However, the choice of how you will summarise the economy will necessarily affect – skew, even – the final picture at which you arrive. The UK Interdependence Report makes natural resources the defining feature of the world economy, in keeping with its underlying belief that natural resources are the most important thing. The net effect of that is to minimise the contribution of more developed economies, whose products are more worked up, and emphasise that of less developed ones, who will tend to produce primary goods.

Of course it is quite possible to construct different analyses of the world economy, skewing the results in quite different directions. For example, those theories that emphasise the ‘knowledge economy’ or ‘creative industries’ are constructed in such a way as to focus exclusively on the technologically advanced industries that tend to be concentrated in the developed economies, thereby minimising the contribution of the less developed. So Department of Trade and Industry adviser Charles Leadbeater insists that, ‘The critical factors of production of this new economy are not oil, raw materials, armies of cheap labour or physical plant and equipment’ (5). Leadbeater’s lauding of intellectual property over labour and raw materials is self-evidently an apologia for the biases of the British economy. But the UK Interdependence Report is just the mirror image of Leadbeater’s Living on Thin Air: its intent is to minimise Britain’s contribution to the global economy, instead of exaggerating it.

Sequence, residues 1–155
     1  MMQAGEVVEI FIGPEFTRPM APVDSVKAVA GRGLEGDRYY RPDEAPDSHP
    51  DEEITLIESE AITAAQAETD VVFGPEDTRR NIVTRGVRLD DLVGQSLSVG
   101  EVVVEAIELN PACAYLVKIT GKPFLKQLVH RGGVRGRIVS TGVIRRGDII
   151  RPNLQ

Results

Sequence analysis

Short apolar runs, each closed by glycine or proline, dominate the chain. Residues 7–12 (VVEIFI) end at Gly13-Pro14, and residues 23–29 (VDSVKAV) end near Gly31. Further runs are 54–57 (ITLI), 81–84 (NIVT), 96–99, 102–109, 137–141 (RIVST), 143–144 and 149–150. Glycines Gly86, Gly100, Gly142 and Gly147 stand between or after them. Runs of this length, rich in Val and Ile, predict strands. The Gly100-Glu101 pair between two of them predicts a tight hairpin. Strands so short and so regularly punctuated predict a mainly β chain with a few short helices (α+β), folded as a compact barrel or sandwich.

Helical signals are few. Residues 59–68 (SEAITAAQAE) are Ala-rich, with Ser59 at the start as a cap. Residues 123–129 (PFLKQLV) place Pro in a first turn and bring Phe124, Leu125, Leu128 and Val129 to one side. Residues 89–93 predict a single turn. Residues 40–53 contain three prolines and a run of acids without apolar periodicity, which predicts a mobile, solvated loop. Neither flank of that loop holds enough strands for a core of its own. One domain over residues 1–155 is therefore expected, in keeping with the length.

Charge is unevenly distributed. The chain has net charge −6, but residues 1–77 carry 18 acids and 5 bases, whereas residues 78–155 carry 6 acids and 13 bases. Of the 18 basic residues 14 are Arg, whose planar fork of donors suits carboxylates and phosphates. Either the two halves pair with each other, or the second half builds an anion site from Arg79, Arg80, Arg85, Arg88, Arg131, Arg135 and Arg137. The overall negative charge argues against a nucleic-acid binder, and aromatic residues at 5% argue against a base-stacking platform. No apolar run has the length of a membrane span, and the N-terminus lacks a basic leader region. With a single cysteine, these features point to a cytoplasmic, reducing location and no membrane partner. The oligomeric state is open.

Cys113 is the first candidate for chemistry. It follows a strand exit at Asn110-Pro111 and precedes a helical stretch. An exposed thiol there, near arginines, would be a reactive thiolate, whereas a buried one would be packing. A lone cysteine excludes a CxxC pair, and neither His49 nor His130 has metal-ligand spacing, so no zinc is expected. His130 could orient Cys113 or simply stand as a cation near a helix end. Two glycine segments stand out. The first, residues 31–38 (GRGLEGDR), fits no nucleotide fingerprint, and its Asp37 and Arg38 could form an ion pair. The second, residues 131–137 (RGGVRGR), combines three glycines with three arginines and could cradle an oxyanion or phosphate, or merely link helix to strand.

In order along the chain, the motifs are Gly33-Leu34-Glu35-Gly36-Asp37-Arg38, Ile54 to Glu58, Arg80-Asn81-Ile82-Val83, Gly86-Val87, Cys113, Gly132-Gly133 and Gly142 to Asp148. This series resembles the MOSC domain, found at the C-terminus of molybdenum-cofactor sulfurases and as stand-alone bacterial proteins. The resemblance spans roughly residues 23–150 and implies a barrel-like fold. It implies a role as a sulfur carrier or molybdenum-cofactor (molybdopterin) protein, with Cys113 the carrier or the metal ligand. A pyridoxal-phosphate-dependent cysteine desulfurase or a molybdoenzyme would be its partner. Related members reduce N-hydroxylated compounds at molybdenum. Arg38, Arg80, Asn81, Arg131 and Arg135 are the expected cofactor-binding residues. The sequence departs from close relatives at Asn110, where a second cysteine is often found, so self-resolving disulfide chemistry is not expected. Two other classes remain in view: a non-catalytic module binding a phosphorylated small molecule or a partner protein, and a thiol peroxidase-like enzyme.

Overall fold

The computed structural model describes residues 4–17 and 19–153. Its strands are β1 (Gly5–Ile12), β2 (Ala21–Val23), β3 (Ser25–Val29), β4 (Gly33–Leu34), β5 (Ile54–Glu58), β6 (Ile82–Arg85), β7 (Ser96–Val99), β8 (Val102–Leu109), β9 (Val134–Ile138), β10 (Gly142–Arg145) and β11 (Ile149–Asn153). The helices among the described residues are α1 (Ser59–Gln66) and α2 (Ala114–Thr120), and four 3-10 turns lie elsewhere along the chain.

Methodologically, this re-casting of the statistics might be interesting. But what it tends to do is to erect a moral standard outside of the real world, against which the actual distribution of goods is judged, falling short in some way. The result is normative, as much as it is analytic.

If one decides to create a special scale of values that prioritises one kind of good over another, it would be as well to be aware of the meaning of that approach. After all, the system of exchange itself is a system for allocating values to goods. It has one spectacular advantage over those imaginary systems that substitute the knowledge economy, or ecology, for the actual output of saleable goods, which is that it is real. The market prices of things are not just information that one can order differently on the page; they are information that is recognised by others, irrespective of whether they agree with its underlying assumptions.